Network Rail today announces that approximately 500 maintenance employees will be leaving the company by the end of May as a result of productivity improvements over the last two years. The 500 people are leaving as part of the company’s voluntary redundancy programme and are in addition to the 235 volunteers who took redundancy in January 2010.
Network Rail currently employs around 18,000 people to maintain the railway but is increasing productivity through improved technology and a newer asset base – track, signalling systems and power supplies. This combination of new infrastructure which needs less maintenance, together with the elimination of over-manning and outdated working practices, is allowing the company to reduce its employee numbers and costs while still maintaining a safe and efficient railway. It is expected that a further 200+ employees will leave the company under the voluntary scheme in the coming months. Network Rail’s planned changes in maintenance have been scrutinised by the UK’s independent safety regulator, the Office of Rail Regulation, which supports the proposed changes.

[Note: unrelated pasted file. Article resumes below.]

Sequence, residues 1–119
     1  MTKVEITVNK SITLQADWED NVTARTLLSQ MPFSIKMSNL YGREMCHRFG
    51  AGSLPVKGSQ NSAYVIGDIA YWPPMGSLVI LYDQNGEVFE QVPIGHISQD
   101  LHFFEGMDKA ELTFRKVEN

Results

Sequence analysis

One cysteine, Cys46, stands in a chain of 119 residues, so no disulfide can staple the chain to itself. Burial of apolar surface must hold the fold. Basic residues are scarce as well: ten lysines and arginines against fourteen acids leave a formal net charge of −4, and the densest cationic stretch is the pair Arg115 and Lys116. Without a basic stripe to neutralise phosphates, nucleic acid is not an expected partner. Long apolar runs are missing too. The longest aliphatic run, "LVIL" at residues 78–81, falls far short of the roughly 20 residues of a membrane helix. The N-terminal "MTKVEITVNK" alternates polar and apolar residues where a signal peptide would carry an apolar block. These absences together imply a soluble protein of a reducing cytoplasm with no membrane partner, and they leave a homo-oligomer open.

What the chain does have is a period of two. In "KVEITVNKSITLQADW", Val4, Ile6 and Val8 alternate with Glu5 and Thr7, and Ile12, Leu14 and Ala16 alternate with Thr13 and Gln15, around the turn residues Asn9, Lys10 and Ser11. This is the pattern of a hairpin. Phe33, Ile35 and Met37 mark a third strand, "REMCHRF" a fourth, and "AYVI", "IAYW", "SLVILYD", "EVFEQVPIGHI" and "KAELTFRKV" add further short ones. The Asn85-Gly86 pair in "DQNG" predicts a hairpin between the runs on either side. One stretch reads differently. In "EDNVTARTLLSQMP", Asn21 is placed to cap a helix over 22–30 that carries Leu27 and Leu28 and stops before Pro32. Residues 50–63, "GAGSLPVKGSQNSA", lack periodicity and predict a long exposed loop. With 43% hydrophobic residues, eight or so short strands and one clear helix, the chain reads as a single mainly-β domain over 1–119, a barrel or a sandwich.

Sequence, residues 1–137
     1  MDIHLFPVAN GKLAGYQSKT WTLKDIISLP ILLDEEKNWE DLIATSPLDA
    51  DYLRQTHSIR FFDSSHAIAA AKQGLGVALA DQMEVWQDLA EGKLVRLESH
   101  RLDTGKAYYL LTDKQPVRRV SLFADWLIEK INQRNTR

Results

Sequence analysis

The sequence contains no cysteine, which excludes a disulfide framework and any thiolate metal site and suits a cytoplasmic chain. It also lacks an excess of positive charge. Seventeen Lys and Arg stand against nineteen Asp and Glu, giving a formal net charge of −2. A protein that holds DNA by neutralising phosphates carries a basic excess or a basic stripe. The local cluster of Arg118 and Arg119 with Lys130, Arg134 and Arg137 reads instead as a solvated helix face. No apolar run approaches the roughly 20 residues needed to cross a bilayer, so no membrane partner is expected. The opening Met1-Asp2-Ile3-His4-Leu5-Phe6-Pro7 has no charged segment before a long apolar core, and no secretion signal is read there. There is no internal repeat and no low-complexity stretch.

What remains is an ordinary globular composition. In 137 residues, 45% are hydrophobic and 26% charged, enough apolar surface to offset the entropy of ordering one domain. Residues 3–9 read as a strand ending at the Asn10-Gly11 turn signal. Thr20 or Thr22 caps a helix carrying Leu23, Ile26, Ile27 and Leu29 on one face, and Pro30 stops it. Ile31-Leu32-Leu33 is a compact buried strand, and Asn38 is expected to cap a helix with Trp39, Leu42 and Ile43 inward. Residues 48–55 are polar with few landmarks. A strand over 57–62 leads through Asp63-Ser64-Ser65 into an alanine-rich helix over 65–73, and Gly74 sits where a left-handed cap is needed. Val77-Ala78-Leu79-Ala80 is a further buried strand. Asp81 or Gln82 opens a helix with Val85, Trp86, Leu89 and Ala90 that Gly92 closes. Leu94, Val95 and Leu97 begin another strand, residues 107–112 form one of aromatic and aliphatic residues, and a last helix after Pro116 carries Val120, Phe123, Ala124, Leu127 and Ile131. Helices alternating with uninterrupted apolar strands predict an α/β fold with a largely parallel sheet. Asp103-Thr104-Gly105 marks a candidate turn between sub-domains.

Steve Featherstone, Network Rail’s director of maintenance said, “New infrastructure, new technology and new ways of working mean we can maintain the railway more safely and efficiently than ever before with fewer people. This is good news for the travelling public. More efficient maintenance means more investment in improving stations, opening new lines and adding capacity to allow more and longer trains. It is also good news for our employees – those who are leaving get a severance package and those who remain for the long-term will be part of a flexible and more skilled workforce who can deliver better value for money. That is the best way to safeguard skilled jobs in the future.”
Previously, the RMT leadership had called a maintenance strike for 6-9 April, but abandoned the action when a separate signallers strike was stopped via a High Court injunction. Talks have been held at ACAS in an effort to reach a negotiated settlement, but were adjourned on Monday 19 April and are due to re-start on 22 April. Talks to resolve the separate dispute with signallers resume today.
Steve Featherstone added: “Today’s announcement clearly demonstrates that the pretext of safety for the recent strike call by the RMT leadership was false and just a public relations tactic. When we have completed this year’s voluntary redundancy scheme, we will have a smaller workforce that maintains the railway safely. We urge the RMT leadership to engage in meaningful discussions without resorting to another strike ballot.”